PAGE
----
Presenting... Space!

By Allison Poskey

First Off.. The Planets!

There are eight planets in our Solar system, and they all orbit the sun. The Sun is the center of our Solar System. The order of the planets from the middle out is

  • Mercury
  • Venus
  • Earth
  • Mars
  • Jupiter
  • Saturn
  • Uranus
  • Neptune

The planets orbit the Sun because of gravity, the Sun's gravitational pull keeps the planets in orbit. The further away from the Sun the less gravity a planet would have, and vice versa. The mass of a planet can also effect the gravitational pull from the Sun. The greater mass of a planet will have a stronger gravitational pull, and vice versa. So for example, if we were to go to Neptune, since it has a larger mass than Earth we would have a very hard time to move at all.

Rotation and Revolution

Revolution Period-

Mercury- 24 Earth years

Venus- .62 Earth Years

Earth- 365 days 5 hours (One Earth day)

Mars- 1.9 Earth years

Jupiter- 12 Earth years

Saturn- 29 Earth years

Uranus- 84 Earth years

Neptune- 165 Earth years

Rotation Period-

Mercury- 59 days

Venus- 243 Earth Days

Earth- 24 hours (One Earth day)

Mars- 1.03 Earth days

Jupiter- .41 Earth days

Saturn- .43 Earth days

Uranus- 3/4 of an Earth day

Neptune- .67 Earth days

The Inner Planets

The first four planets are known as "The Inner Planets" they are the planets that are closest to the Sun. The inner planets are

  • Mercury
  • Venus
  • Earth
  • Mars

These planets are sometimes called the terrestrial planets because of their closeness to Earth, and they have rocky, solid bodies. These Inner Planets have thin atmospheres, and they have very few moons.

The Outer Planets

The four "Outer Planets" are the planets that are the farthest away from the Sun. The Outer planets are

  • Jupiter
  • Saturn
  • Uranus
  • Neptune

These Outer Planets are very large, much larger than Earth. These planets have strong gravities, and many moons and rings. Unlike Earth these planets are mostly made up of gases, and so the nickname Gas Giants was given.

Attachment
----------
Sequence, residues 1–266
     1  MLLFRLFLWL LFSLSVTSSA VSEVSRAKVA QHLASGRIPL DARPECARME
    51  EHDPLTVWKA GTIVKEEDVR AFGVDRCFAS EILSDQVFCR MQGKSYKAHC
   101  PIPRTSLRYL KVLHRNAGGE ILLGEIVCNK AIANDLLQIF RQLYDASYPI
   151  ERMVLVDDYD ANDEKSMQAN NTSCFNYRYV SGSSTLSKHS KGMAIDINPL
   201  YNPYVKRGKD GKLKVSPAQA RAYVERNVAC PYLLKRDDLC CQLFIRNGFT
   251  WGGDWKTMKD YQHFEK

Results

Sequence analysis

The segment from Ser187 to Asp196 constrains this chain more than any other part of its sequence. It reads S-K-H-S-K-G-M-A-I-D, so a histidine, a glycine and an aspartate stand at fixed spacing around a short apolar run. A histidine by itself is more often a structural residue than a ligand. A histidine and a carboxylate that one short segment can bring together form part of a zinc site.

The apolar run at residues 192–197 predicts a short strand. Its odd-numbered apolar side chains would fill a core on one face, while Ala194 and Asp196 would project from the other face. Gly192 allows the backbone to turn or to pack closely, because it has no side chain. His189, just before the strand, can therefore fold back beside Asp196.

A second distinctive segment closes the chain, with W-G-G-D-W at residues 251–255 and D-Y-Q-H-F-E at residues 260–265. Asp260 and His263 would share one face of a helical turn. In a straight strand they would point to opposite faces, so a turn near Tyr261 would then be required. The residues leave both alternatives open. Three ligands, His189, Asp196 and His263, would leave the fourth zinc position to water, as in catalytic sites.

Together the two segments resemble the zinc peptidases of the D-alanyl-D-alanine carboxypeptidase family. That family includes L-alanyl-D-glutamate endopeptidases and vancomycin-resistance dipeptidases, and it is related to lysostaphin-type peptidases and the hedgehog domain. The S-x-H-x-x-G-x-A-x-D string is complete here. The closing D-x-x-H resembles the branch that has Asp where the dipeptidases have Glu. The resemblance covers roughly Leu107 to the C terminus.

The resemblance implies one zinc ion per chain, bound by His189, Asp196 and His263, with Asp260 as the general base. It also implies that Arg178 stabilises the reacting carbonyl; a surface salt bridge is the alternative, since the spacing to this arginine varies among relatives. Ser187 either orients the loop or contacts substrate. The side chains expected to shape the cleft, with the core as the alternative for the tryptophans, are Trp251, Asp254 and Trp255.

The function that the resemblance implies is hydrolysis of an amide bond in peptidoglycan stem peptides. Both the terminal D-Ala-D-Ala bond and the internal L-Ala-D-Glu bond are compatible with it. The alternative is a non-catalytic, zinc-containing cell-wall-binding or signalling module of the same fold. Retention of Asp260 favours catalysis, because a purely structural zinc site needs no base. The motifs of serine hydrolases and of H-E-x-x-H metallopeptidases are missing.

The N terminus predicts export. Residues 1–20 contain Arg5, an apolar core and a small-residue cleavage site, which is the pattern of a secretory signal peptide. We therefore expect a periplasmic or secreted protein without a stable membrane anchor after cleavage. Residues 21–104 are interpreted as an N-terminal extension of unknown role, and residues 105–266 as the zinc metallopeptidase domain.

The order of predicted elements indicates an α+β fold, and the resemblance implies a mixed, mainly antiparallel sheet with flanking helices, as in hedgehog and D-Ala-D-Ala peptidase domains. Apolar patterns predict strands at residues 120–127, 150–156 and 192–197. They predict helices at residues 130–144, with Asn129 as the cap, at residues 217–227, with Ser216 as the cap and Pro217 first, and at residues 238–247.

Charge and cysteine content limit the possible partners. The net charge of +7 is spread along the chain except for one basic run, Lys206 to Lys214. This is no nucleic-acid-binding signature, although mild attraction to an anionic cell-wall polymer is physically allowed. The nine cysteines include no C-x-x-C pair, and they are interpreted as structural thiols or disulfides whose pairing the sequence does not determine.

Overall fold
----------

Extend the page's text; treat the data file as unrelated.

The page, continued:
Galilean Moons

Galilean Moons were discovered by Galileo in 1610. Galilean Moons are the four largest moons orbiting Jupiter. They are named after the lovers of Zues. Their names are

  • Io
  • Europa
  • Ganymede
  • Callisto

Galilean Moons helped to disprove the theory that Earth was the center of the solar system. Galilean Moons also helped to show the importance of telescopes as a tool for astronomers.

Asteroids, Comets, and Meteors!


Most asteroids are very small, but a handful of them can get to be quite large. One called Ceres is considered to be a dwarf planet, which is what Pluto is! A ring of asteroids lies beyond the orbit of Mars.


Comets are made up of bits of rock, and dust mixed with frozen compounds. Comets are frequently found in deep space, on their way toward, or from the Sun in lengthy elliptical orbits. Their orbits can take dozens or even thousands of years to complete only one orbit. The Sun's energy blows comet material away, so that the "tail" faces the Sun.


The difference between meteors and asteroids is size, a meteoroid compared to an asteroid is like sand to a boulder. Meteors are constantly shooting in outer space, and are pulled in by the gravity of other planets and moons. They streak through the object's atmosphere becoming a meteor, and if it doesn't burn up entirely, and ends up striking the surface, then it would be called a meteorite.